In the village of Taanayel, tucked into the Bekaa’s forests and vineyards, lunch tables topped with vibrant-colored tablecloths punctuated Lebanon’s annual Arak Festival.
Extended families gathered around arrayed platters of mezze, with a jar of Lebanon’s national spirit sitting at one end. “Keskon!” a man shouted, raising his glass to make a toast. “Cheers!”
The anise-flavored drink is a staple of Sunday family barbeques and a celebration of heritage and tradition. These nostalgic scenes were evoked at the festival’s third edition, organized Sunday by local NGO Arcenciel.
Arak is popular among middle-aged Lebanese people, who constituted the majority of the crowd, bringing their relatives along.
“I enjoy drinking arak,” 42-year-old Mirna, a mother of two, told The Daily Star as her 5-year-old daughter sat beside her.
Asked why she brought her kids along, Mirna said the event was still family friendly, despite revolving around alcohol. “There aren’t many gardens in Beirut. Here the children can play comfortably.”
Children ran around, dancing to a band of musicians donning traditional attire, crowned with tarbooshes, while parents enjoyed the Bekaa’s culinary specialties, refilling one glass after another.
Gathered around an oud player, one group of young people – the pot of gold for the industry, several of the arak makers told The Daily Star – stood out from the crowd.
With 51 arak producers registered with the Agriculture Ministry – 20 of which are in the Bekaa – competition is fierce for the limited portion of drinkers industry leaders can target.
“Youth prefer to go for vodka, whiskey, rum or gin. Reaching a market outside of this is difficult, as arak largely remains left out of nightlife,” said 28-year-old Michel Sabat, creator of the new company Arak Al Naim, which was founded in 2016.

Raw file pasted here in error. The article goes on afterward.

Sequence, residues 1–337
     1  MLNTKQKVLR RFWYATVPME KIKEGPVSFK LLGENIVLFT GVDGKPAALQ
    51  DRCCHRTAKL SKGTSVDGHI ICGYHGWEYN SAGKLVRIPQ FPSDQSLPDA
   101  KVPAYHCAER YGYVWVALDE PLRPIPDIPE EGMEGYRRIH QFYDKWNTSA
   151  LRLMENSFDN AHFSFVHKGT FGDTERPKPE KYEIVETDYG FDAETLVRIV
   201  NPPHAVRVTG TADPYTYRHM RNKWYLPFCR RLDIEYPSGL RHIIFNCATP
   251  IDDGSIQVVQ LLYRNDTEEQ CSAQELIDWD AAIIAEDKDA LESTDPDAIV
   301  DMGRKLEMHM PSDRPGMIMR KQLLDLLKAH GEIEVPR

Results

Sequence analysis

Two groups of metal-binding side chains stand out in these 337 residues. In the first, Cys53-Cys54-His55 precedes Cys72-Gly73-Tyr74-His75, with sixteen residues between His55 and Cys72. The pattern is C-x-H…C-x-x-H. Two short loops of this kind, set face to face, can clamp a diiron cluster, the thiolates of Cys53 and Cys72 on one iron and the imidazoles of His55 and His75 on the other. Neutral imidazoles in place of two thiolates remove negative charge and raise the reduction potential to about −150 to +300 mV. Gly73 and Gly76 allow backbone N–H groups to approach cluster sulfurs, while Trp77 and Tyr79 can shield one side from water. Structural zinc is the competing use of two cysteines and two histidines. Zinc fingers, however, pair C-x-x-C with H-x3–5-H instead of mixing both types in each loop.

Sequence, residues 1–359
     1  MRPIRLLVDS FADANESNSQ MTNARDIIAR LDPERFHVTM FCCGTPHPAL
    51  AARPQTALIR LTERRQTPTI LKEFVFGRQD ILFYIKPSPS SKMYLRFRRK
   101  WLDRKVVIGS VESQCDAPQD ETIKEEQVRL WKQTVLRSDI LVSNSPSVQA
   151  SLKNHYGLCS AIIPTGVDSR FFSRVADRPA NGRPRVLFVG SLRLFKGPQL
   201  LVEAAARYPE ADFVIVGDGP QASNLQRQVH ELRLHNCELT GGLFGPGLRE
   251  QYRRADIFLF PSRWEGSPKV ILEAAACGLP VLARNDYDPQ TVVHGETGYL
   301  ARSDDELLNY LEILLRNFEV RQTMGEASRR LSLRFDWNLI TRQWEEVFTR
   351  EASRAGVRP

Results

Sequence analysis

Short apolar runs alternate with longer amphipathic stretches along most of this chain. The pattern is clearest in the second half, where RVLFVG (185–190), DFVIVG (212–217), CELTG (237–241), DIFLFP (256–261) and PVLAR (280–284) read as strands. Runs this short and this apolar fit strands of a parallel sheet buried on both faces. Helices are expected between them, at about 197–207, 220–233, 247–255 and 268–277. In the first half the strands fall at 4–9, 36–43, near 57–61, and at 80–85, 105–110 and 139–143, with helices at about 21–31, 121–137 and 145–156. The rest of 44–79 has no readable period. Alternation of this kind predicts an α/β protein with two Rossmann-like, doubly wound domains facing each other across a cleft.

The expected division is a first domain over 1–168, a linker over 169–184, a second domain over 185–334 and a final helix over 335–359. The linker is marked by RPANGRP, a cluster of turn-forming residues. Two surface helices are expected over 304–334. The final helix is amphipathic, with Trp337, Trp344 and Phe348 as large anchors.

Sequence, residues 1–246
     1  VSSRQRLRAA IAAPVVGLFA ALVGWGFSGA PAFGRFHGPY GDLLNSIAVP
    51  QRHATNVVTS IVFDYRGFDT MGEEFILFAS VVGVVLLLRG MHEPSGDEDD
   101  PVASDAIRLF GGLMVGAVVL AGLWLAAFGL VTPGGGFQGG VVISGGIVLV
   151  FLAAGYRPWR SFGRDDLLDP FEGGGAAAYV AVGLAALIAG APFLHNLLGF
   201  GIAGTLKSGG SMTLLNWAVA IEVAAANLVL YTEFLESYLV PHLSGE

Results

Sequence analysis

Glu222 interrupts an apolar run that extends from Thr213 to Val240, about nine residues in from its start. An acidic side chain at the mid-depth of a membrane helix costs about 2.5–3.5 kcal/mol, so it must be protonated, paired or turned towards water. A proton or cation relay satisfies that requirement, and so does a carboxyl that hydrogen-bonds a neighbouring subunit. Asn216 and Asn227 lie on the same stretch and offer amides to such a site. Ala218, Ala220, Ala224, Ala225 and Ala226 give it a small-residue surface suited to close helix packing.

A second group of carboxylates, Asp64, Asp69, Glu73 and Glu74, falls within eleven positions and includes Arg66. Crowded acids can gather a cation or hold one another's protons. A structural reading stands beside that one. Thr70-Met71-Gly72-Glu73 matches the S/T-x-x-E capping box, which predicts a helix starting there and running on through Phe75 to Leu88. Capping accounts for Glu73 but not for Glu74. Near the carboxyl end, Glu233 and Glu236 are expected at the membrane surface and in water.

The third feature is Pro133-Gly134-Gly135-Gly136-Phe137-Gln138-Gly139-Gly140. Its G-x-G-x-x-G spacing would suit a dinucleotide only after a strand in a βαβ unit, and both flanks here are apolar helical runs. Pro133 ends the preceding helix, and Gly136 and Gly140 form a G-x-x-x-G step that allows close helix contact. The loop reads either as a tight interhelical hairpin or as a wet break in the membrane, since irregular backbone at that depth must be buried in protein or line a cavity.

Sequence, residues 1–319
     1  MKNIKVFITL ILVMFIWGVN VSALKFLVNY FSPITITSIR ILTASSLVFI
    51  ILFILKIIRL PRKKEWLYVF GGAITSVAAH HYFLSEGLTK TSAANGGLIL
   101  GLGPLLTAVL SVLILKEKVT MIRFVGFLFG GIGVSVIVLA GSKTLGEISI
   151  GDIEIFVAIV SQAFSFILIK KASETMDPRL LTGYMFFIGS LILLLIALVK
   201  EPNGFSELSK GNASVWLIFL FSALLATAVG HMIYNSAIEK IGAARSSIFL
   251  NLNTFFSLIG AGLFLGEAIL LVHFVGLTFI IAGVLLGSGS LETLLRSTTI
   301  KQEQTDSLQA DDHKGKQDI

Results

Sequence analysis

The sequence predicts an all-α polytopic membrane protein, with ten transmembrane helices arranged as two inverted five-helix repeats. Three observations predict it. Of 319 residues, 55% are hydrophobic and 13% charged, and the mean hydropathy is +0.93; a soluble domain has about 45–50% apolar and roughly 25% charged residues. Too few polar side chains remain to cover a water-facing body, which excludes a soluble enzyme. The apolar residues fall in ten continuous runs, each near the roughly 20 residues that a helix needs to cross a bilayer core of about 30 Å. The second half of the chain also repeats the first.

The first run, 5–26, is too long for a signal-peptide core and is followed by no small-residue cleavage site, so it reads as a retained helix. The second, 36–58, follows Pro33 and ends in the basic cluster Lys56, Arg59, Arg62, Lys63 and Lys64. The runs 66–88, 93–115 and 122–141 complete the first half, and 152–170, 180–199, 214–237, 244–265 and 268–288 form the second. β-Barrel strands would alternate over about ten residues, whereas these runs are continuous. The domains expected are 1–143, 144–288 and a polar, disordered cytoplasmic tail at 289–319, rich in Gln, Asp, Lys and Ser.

Sabat said he’s focusing on the “taste and quality” of the distilled drink to attract younger people, who don’t want to drink just with food.
“It tastes good on its own. As someone in my 20s, I know what my age group likes, and that gives me an advantage,” Sabat said, though he admitted that it has been difficult to prove his name in an industry led by decadesold producers.
At a stand for one of the most established brands in the country, Arak Brun, which dates back to 1868, its caterer, 33-year-old Joseph Francis, said he figured taste alone would not cut it.
“Younger people often don’t like the taste of arak – they think it’s too strong. The idea is to shift that mentality by showing that cocktails can be made from arak as well. It’s our national drink, in the end,” Francis said.
The clear spirit contains an alcohol concentration of 40 to 63 percent, and becomes white when mixed with water. The conventional way to drink it is to mix one portion of arak with two portions of water and then add ice, but Francis is doing things differently.
The addition of juice from freshly smashed pomegranate seeds, mint and lime juice results in a bright-pink mixture – “an arak mojito,” Francis said.
He also makes cocktails with other fruits, such as watermelon. The trick seemed to draw interest from one of the attendees. “I don’t usually drink arak. I drink vodka,” 29-year-old Antonio Najjar told Francis.
But these attempts to attract younger drinkers were not endorsed by everyone.
“What is that pink drink you’re having? Throw it away, let me serve you real arak,” said Walid Touma, 53, a co-owner of the family business Arak Touma, founded in 1888.
His brand is among the most recognized Lebanese arak products, both locally and internationally, alongside Chateau Ksara.
“Anise is a refreshing agent – if you make it into a cocktail, you’re killing it,” Touma said. “We are targeting youth through these events,” he said, but argued that “a family business means authenticity,” and that should not be compromised.
This article has been adapted from its original source.
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